AEMO exposes truth on wind

A new report from AEMO provides a wealth of data on how high penetration of wind is impacting on SA's electricity market. Not all of it is good news for wind but intermittency is proving to be far less of a problem than some imagine.

The Australian Energy Market Operator has released a report today providing a variety of interesting data illustrating characteristics of wind power in South Australia. Data covered includes:

-- Monthly wind farm output from 2006 to June 2012;

-- Contribution of wind farm capacity to peak demand;

-- The relationship between wind farm output and electricity prices with a particular focus on negative price events;

-- How wind farm output tends to vary by time of day and by region; and

-- The extent and speed of variation in wind farm output.

Of particular interest from this report is that AEMO has analysed how geographic spacing of wind farms might moderate the variability of wind farm output. The rate of change in the output of wind farms (and indeed all power sources) as well as the predictability of that change is a major concern for maintaining power quality and reliability. This is because it takes time for other power stations to adjust their output. 

The degree of inflexibility in power systems is often overplayed by climate and wind sceptics who seem to be unaware that there is already large underlying variability in the power system without wind (due to variation in demand and unplanned break-downs of conventional power plants). Nonetheless, as the amount of wind becomes quite large as a proportion of the overall supply, the variability of wind becomes more important.

One of the potential ways this variability might be reduced is through spacing wind farms over larger geographical areas. The logic being that weather tends to vary across large distances, so while the wind speed might be growing rapidly in one area, it could be slowing down in another. This then acts to balance out, or at least moderate, the speed of change in wind power output.

AEMO’s analysis broke down wind farm output in SA into three separate regions illustrated in the picture below.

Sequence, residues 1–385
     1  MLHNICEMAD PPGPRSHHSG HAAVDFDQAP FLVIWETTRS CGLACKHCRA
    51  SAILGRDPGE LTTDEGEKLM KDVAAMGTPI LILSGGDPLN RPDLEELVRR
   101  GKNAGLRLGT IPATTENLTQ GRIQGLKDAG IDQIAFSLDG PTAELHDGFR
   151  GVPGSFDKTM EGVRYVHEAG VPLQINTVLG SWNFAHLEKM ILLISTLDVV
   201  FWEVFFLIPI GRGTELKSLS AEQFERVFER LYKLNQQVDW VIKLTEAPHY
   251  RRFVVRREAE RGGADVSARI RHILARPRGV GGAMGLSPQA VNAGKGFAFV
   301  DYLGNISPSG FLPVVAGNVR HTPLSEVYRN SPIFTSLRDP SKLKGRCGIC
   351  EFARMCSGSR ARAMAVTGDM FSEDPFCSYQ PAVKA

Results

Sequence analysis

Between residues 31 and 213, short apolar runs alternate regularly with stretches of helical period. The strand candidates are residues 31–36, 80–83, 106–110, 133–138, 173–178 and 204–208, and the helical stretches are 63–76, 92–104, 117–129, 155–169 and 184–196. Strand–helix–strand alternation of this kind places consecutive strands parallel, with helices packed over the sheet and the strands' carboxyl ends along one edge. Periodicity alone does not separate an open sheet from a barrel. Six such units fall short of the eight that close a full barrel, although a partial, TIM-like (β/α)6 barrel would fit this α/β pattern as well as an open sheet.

What it found was that variability does reduce when you aggregate wind farms across the three regions. The two charts below illustrate the extent of change in the output of wind farms within a five-minute period (the top chart) and within an hour (the bottom chart).

The rate of change within five minutes is especially important because the capability for other power producers to respond is far more constrained and more costly than what they might be able to achieve if given an hour.

Five-minute interval - Frequency and extent of change in wind farm output

Red – aggregate of all regions; Blue – Coastal peninsula; Orange – Mid-North; Yellow – South-East

Hourly interval - Frequency and extent of change in wind farm output

Red – aggregate of all regions; Blue – Coastal peninsula; Orange – Mid-North; Yellow – South-East

The top chart shows that even within a single region the rate of change in wind output from one five minute period to another as almost always below 5 per cent of installed capacity. Furthermore when you aggregate across all the regions (the red line) you see that frequency of no change in output from one time period to another becomes even greater and the frequency that change exceeds 5 per cent of output becomes even smaller. So geographic dispersion in SA has helped to reduce variation within short time periods.

In terms of hour to hour variation, while the likelihood of there being no change in output from one hour to the next is reduced with greater geographic dispersion, the more extreme changes in output above 10 per cent of installed capacity are noticeable reduced. Overall this is also good news for wind. That’s because when given an hour’s lead time other power stations should have little difficulty covering a change of 10 per cent in the output of wind, even at high penetrations, but very big changes beyond 20 per cent are more challenging.

It’s worth noting that this study was constrained to SA and this is hardly the limits of geographic dispersion that we might be able to achieve in the interconnected National Electricity Market.  Another thing worth noting is that the AEMO has undertaken a cost benefit analysis that suggests it would be appropriate to upgrade the transmission interconnector between SA and Victoria. This will further assist in managing the growth of wind in SA as well as Victoria.

One further additional point is that while I was in Western Australia last week I caught up with their Independent Market Operator (IMO) about the potential costs of managing the variability of wind in their main grid in the South West. Prior modelling work undertaken by ROAM consulting had estimated that the costs of additional quick-response generation to manage wind would substantially undermine the economic viability of new wind farms. However according to discussions with the head of the IMO, these costs have been significantly overstated due to problems Western Power had in attributing the sources of unplanned variation in the electricity system (primarily demand). The IMO will be releasing updated analysis on this issue which will provide a greatly improved assessment of the likely costs of managing variation in wind farm output in the South-West Interconnected System.

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